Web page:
• Wednesday, August 17, 2022


UK pension funds warn asset managers to make workforce more diverse or lose clients

Representative image by iStock

By: Pooja Shrivastava

A GROUP of UK pension funds and investment consultants, that collectively oversee more than £ one trillion in assets, have warned asset managers to tackle the lack of diversity in their workforce or risk losing clients, reports said on Sunday (1). The group, under a new charter, is demanding its members to include factors such as gender and ethnic mix while handing out contracts of asset management.


The group members, including some big names like Brunel, Nest, RPMI Railpen, West Midlands Pension Fund, Lothian Pension Fund, and London CIV, have reportedly banded together to form the Asset Owner Diversity Working Group, demanding that its signatories will take account of diversity and inclusion records from fund managers when choosing new partners, reports said.

Fund managers wanting to work with these clients will have to disclose information on how they tackle diversity and inclusion within their workforce, Financial Times reported.

Asset managers have been outspoken about the need for companies they invest in to increase diversity and have been campaigning to end all-male boards while the sector itself has repeatedly been dubbed “pale, male and stale”.

The Investment Association, the UK trade body for asset managers, found in a research that fewer than one per cent of UK investment managers are black, reports said.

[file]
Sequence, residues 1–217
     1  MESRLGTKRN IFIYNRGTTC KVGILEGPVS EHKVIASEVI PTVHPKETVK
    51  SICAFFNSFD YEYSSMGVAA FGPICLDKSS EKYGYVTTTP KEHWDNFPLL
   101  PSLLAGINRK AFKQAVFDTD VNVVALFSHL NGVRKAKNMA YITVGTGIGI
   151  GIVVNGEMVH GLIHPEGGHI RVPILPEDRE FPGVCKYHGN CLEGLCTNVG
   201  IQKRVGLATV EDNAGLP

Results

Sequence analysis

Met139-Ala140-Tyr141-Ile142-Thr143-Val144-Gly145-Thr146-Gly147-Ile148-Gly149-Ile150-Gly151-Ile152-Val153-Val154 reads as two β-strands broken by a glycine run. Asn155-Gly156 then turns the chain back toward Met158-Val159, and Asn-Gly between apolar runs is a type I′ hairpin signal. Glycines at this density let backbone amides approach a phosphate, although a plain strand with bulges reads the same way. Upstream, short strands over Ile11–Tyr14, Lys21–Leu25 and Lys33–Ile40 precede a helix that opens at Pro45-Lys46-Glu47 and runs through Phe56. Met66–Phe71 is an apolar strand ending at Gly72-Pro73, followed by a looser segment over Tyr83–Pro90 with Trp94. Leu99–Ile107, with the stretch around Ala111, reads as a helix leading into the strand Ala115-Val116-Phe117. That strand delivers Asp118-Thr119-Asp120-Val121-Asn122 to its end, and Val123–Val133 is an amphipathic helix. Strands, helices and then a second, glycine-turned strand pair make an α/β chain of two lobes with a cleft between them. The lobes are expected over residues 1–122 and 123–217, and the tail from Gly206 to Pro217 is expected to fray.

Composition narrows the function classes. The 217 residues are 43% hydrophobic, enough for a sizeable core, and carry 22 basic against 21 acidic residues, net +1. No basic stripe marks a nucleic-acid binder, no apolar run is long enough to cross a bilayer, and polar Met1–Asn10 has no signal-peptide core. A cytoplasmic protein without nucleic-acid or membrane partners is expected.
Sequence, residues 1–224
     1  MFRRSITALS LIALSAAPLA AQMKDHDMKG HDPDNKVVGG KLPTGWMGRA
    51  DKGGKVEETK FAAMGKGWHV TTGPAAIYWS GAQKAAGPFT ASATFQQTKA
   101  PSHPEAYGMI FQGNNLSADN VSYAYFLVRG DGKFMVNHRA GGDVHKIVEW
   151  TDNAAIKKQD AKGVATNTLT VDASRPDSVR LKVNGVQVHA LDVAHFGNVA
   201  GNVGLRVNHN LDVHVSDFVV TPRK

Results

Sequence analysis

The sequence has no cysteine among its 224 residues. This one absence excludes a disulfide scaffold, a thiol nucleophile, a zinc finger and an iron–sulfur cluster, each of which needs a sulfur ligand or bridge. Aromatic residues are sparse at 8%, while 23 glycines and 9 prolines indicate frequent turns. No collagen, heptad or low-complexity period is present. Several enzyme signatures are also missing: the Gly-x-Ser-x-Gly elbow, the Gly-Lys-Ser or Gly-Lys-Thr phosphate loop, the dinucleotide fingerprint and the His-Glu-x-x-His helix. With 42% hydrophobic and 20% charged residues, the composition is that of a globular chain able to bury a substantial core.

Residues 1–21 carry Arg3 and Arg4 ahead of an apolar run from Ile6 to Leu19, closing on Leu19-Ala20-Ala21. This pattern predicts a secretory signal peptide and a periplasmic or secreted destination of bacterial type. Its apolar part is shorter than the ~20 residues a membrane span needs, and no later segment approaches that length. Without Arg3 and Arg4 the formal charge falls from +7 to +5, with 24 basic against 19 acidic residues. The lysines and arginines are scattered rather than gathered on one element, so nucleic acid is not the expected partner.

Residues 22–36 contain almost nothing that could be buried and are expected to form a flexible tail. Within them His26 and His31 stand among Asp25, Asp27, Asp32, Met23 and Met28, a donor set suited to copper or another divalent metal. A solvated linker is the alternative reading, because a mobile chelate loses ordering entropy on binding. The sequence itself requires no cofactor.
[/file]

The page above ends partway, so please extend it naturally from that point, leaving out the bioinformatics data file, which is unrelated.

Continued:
Welcoming the charter, Helen Price, stewardship manager at Brunel Pension Partnership said that asset managers needed to be “more representative” of savers.

“Progress in the investment industry has been very slow. Despite numerous initiatives, we are still seeing a lack of diversity,” Price said, adding that information about race, age, ethnicity, sexuality and socio-economic backgrounds are “not being consistently collected in a way that equips the industry to identify barriers and make meaningful progress”.

Under the charter, diversity questions will form part of the overall assessment score for each fund manager when they are bidding to win a new contract, or mandate, to manage money. This means they will have to disclose information about the diversity of their workforce, something which many have been reluctant to do in the past, reports said.

A research last year by Willis Towers Watson, the investment consultancy, looking at more than 2,400 individual investment teams around the world,  had reportedly found that diverse groups outperformed those with no gender or ethnic minority employees.



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